multispecies  foxes  animals  2017  wildlife  nature  genetics  domestication  cytology  dmitrybelyaev 
november 2017 by robertogreco
Arctic Foxes 'Grow' Their Own Gardens
"The little carnivores' colorful dens provide veritable oases in the tundra, a new study says."
foxes  arcticfoxes  gardening  multispecies  2016  nature  animals  wildlife 
november 2016 by robertogreco
How the U.S. Acted Too Late and Almost Lost the Island Fox - The Atlantic
"Some researchers have therefore begun to propose relocating animals across islands—a technique known as genetic rescue. It has worked elsewhere before, and it could inject each subspecies with enough variation to make it more vigorous.

It may seem like the ultimate in modern-day stewardship: Biologists ferrying small foxes across the sea, all for the good of the species. But modern-day ecologists will be repeating a more ancient exercise. While genetic evidence suggests that island foxes floated or swam to the northern islands during the previous ice age, when sea levels were lower, they did not reach the southern islands without help. Between 6,000 and 4,000 years ago, Native people, likely the Tongva, carried island foxes between the islands as companion animals. In particular, it seems increasingly likely that people introduced foxes to Santa Catalina and the southern isles.

In the long view, the story looks less like people disturbing a pristine environment and then rushing to remedy their own failure. Instead, it suggests a longer story of human-fox coexistence. Without human help, there wouldn't be island foxes anymore. And without humans in the first place, these particular kinds of island fox might not have existed at all."
foxes  animals  multispecies  channelislands  california  conservation  wildlife  eagles  pigs  2016 
august 2016 by robertogreco
Zao Fox Village | Atlas Obscura
"Sitting at the base of Japan's lush Mount Zao, the Zao Fox Village provides a home to over 100 crafty, bushy-tailed vulpines that are allowed to run free and cute amongst the visitors and religious offerings that pay homage to their mythic stature in Japanese culture.

Founded in 1990 the "village" allows guests to experience life in a world gone mad for foxes. The refuge contains six different species of vulpine canines in an array of shades. While the traditional Japanese Red Fox definitely rules the roost (so to speak), there are also black foxes, platinum foxes, and arctic foxes.

There are also a number of other animals like rabbits and baby goats to pet and feed in the first section of the sanctuary as well as some caged foxes. It is not until visitors move into the large free-range portion that the real fox army comes out. Small amounts of food can be purchase to offer the animals, but since the foxes are still essentially wild dogs, the staff encourages people not to hand feed the beasts, but rather toss the snacks to the ground lest they get nipped. This is not to say that they are frightening, in fact they are known to follow guests like a loyal pet after being fed, although this is more due to there hope of another meal than out of any emotional affection.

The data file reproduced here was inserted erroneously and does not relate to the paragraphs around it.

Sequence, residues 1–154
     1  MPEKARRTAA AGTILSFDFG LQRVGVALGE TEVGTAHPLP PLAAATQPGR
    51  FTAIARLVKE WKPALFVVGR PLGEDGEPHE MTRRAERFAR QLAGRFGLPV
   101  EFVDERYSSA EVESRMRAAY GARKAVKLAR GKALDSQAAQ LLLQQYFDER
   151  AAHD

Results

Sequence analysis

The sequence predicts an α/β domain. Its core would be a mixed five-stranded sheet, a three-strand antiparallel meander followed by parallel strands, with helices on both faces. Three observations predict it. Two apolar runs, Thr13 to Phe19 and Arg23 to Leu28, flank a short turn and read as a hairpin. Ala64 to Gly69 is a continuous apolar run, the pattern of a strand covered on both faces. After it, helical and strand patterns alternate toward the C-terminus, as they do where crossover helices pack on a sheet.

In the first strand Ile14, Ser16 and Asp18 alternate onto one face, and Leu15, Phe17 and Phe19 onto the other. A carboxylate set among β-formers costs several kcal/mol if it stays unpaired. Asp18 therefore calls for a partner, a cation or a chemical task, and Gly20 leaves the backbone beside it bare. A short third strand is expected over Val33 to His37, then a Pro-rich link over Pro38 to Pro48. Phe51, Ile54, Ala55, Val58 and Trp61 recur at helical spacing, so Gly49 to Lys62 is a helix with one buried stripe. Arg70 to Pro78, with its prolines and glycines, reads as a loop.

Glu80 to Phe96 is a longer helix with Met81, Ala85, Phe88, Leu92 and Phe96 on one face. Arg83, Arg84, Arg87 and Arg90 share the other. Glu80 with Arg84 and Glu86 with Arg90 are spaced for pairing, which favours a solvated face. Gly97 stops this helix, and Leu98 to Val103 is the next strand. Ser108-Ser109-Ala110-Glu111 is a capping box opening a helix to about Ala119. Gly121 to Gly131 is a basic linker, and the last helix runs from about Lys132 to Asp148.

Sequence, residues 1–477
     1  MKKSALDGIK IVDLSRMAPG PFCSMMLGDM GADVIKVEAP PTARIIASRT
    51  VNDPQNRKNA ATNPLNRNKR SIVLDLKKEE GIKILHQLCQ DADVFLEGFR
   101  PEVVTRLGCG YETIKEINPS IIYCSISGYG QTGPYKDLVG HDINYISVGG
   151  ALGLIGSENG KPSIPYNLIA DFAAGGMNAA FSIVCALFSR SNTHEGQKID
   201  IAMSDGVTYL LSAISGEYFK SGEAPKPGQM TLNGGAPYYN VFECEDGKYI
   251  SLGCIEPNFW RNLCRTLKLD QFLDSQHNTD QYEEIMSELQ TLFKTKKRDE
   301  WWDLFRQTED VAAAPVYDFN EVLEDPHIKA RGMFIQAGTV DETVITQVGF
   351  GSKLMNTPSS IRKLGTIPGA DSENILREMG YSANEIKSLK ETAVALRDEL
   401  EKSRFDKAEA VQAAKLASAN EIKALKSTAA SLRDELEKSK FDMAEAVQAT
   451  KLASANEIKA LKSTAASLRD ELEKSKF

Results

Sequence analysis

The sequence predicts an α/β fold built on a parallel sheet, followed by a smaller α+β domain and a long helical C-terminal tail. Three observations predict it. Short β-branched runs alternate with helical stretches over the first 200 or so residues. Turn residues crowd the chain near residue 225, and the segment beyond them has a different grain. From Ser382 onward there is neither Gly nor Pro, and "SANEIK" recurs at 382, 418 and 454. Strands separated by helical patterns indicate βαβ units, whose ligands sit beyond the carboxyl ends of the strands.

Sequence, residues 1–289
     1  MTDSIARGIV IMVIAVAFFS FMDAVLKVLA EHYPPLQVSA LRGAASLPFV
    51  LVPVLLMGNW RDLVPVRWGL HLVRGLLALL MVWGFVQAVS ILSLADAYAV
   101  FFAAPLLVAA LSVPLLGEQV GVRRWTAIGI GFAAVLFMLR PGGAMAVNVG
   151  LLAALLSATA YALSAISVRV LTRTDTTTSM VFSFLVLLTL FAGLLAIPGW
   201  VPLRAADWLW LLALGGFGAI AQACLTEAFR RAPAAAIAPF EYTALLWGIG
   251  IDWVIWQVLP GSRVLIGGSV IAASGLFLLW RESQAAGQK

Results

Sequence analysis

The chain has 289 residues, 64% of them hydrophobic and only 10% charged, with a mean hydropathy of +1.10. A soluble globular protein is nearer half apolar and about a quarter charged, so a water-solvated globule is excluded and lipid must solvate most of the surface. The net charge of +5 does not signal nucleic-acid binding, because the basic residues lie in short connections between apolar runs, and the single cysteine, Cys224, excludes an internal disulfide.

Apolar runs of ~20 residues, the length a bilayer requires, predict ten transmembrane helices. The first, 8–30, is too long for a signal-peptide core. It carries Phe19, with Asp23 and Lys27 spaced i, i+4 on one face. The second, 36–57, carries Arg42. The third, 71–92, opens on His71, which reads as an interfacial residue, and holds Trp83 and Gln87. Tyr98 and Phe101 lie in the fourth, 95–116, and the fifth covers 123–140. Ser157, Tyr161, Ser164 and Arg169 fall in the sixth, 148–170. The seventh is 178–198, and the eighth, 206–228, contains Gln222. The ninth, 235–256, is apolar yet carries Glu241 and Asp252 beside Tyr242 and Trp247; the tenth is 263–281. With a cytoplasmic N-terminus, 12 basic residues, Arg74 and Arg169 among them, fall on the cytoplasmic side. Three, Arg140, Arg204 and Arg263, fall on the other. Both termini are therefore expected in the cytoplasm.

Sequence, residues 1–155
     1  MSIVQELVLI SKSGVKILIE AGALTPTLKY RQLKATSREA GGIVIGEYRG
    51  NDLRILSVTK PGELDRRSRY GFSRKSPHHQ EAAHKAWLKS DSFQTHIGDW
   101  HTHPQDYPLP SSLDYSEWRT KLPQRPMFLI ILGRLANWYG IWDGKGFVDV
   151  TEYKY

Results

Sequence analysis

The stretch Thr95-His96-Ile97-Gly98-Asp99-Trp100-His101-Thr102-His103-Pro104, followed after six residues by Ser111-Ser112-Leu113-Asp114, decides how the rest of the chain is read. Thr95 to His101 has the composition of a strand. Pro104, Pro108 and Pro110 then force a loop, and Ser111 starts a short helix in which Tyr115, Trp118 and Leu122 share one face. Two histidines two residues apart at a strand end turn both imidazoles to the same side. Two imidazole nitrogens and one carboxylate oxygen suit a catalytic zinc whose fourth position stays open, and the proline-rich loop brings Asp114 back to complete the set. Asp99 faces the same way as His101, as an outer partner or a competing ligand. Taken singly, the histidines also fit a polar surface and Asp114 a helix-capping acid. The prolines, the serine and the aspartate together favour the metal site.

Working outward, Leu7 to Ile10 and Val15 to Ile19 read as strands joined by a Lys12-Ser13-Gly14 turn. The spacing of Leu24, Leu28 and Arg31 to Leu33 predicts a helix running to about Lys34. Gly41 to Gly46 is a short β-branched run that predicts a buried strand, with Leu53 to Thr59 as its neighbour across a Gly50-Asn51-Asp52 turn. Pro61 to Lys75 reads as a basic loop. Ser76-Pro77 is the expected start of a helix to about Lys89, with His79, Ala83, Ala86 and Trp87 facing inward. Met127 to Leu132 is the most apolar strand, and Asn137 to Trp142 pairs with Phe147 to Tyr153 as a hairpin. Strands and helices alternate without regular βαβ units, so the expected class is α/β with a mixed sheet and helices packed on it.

There are a number of traditional torii gates leading to the village and one standing within which allude to the fox's place in Japanese mythology where the clever animal is seen as an agent of the god Inari. This decoration see,s especially appropriate since standing among so many furry, chirping little beasts may just be so cute as to count as a religious experience."
foxes  animals  japan 
february 2015 by robertogreco
Guest Blog: Man's new best friend? A forgotten Russian experiment in fox domestication
[As summarized here: http://o-song.tumblr.com/post/1083774173/happy-skydiving-fox-embracing-bottom-crimewave ] "In Soviet Russia, foxes tame you! Story of a fascinating experiment by which a Russian geneticist secretly bred foxes for friendliness and fearlessness of humans, and which ended up making the foxes look like dogs - unlike wild foxes, they had floppy ears and shorter tails and doggish colour splotches on their coats."
evolution  science  dogs  foxes  domestication  russia  genetics  animals 
september 2010 by robertogreco
Op-Ed Columnist - Learning How to Think - NYTimes.com
"The predictions of experts were, on average, only a tiny bit better than random guesses — the equivalent of a chimpanzee throwing darts at a board.
crowdsourcing  predictions  learning  culture  expertise  credentials  politics  knowledge  experts  psychology  accountability  foxes  hedgehogs 
march 2009 by robertogreco